Do Your Medications Increase Your Risk of Falling?


Medications Causing Falls

We would never want you to shy away from medications that have been properly prescribed and are improving your health and well being. However, there are several medications that have been identified by the Centers for Disease Prevention and Control (CDC) as increasing the likelihood of seniors falling.

If you're taking any of those medications, which we list below, we highly recommend you discuss it with your doctor or with a geriatrician. They might be able to find safer alternatives which treat your ailment just as well, without increasing your risk of falling.

Medications Linked to Falls


  • What They Treat: Commonly used to control epileptic seizures and some Alzheimer's related behaviors.
  • Common Types: Depakote, Neurontin
  • Fall Risk Side Effect: Dizziness, confusion, sedation


  • What They Treat: Medications used to treat depression and anxiety in some cases.
  • Common Types: Zoloft, Celexa, Lexapro, Paxil, Prozac, Remeron, Wellbutrin, Effexo, Elavil, Pamelor and Trazodone
  • Fall Risk Side Effect: Confusion, sedation, psychomotor impairment


  • What They Treat: Originally used to control psychotic episodes, increasingly used to treat Alzheimer's related behaviors.
  • Common Types: Risperdal, Seroquel, Zyprexa, Abilify, Haldol
  • Fall Risk Side Effect: Dizziness, sedation, blurred vision, imbalance


  • What They Treat: Used as a sleeping aid or to help with anxiety.
  • Common Types: Ativan, Valium, Restoril, and Xanax
  • Fall Risk Side Effect: Imbalance, cognitive impairment, delirium, unsteady gait, psychomotor impairment


  • What They Treat: Used as a pain reliever
  • Common Types: codeine, hydrocodone, oxycodone, morphine, fentanyl, and methadone
  • Fall Risk Side Effect: Dizziness, sedation


  • What They Treat: Commonly used to treat sleep difficulties and insomnia
  • Common Types: Ambien, Sonata, Lunesta
  • Fall Risk Side Effect: Impaired motor system, impaired cognitive performance, sedation, delirium


  • What They Treat: This group of drugs block the neurotransmitter acetylcholine, causing sedation
  • Common Types: Benadryl, Nyquil, Tylenol PM, Ditropan, Detrol, Antivert, Scopace, Phenergan, Vistaril, Paxil
  • Fall Risk Side Effect: Blurred vision, sedation, cognitive impairment, hypotension, delirium


  • What They Treat: Commonly used to treat allergies
  • Common Types: Benadryl, Allegra, Clarinex, Claritin, Dimetane, Tavist, Zyrtec
  • Fall Risk Side Effect: Sedation, cognitive impairment, loss of coordination

Blood Pressure Medications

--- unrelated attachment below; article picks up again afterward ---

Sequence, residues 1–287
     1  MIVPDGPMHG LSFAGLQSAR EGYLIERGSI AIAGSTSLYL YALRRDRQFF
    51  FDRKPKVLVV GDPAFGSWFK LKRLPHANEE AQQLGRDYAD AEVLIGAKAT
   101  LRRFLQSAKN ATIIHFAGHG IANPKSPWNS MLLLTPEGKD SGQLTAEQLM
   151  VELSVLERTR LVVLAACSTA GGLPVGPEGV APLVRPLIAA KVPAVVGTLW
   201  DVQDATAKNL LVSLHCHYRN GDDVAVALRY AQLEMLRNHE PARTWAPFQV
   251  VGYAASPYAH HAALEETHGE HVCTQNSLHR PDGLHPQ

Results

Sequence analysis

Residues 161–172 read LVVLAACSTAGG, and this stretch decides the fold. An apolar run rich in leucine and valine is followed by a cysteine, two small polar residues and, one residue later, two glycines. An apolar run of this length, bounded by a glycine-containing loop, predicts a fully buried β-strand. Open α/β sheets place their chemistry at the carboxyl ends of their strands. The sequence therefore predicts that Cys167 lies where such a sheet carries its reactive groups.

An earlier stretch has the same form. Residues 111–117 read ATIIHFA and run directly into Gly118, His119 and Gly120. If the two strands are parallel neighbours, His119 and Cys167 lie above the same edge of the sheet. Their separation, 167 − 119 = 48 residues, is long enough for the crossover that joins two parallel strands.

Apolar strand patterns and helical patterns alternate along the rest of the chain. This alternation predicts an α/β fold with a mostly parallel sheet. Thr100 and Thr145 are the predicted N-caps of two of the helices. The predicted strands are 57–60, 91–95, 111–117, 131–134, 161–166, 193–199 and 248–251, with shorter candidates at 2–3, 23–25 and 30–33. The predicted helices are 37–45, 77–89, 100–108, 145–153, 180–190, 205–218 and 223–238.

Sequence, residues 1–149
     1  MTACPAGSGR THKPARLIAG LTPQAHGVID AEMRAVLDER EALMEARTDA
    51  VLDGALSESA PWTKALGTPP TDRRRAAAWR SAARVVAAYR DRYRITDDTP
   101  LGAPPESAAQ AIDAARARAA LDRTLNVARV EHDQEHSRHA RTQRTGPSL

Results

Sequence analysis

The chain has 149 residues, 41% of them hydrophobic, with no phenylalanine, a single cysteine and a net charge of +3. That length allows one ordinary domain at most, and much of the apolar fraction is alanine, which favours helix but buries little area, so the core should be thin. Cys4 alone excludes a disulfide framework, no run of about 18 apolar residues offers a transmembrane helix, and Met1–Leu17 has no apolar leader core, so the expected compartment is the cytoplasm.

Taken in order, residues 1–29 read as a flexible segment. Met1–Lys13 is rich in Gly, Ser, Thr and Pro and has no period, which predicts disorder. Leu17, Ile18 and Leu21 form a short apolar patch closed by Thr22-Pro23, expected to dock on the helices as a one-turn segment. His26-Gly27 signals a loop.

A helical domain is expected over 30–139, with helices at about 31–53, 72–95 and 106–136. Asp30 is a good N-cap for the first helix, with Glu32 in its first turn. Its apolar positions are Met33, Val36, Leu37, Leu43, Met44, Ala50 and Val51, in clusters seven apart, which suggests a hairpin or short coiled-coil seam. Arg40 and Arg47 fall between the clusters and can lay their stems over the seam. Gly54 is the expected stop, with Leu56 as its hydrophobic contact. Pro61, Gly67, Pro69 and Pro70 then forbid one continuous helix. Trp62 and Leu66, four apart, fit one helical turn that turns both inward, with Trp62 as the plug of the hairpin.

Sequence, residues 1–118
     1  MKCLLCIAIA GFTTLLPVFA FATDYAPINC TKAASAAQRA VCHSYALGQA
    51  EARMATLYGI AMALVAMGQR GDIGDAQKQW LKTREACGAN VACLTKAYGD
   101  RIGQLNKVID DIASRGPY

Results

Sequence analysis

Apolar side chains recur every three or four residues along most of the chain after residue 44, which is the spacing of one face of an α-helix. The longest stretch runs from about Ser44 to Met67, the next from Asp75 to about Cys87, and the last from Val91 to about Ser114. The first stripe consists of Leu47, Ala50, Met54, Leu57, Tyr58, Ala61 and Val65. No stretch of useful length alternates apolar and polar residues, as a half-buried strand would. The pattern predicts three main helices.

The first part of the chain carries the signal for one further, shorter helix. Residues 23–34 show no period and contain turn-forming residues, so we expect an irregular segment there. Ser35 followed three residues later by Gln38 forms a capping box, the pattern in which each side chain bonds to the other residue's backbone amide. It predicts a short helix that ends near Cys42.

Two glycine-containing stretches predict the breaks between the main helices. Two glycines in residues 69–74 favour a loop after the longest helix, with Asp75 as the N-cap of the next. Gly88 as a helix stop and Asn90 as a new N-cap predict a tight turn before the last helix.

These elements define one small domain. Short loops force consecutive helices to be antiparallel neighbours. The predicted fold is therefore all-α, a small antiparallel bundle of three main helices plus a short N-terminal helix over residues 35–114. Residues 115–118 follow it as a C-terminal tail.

• What They Treat: Used to manage blood pressure
  • Common Types: Clonidine, furosemide, hydrochlorothiazide, chlorthalidone, lisinopril, ramipril, enalapril
  • Fall Risk Side Effect: Dizziness, light headedness

Muscle Relaxants

  • What They Treat: Used to treat muscle pain and discomfort
  • Common Types: Robaxin, Soma, Flexeril, Skelaxin, Parafon Forte DSC
  • Fall Risk Side Effect: Sedation, confusion

What To Do If Your Medications Are Listed

If you or a loved one's medications are listed above, and you've had a fall or you're worried about falling, discuss the issue with your doctor. Sometimes your doctor can try a different medication that treats your ailment just as effectively and other times they can play with the dosages to lessen the negative side effects.

You can also ask your family doctor or geriatrician to perform a fall risk analysis of your medications. The analysis would assign a fall risk score for each of your medications and if the total score is greater than 6, it would determine that you're at a higher risk for a fall, and appropriate measures can be taken.

If you don't have a family doctor, and even if you do, you might want to consider getting or at least consulting with a geriatrician. Geriatricians are fully licensed medical doctors who specialize in the medical issues associated with older patients. They are also very attuned to the side effects of medications. Harvard Medical School's publication Harvard Health states "unfortunately, doctors who are not experienced in caring for older patients may dismiss signs of adverse drug reactions as dementia or depression. A geriatrician has the specialized expertise to evaluate an individual's medications and recommend changing or stopping certain drugs to avoid potential problems."

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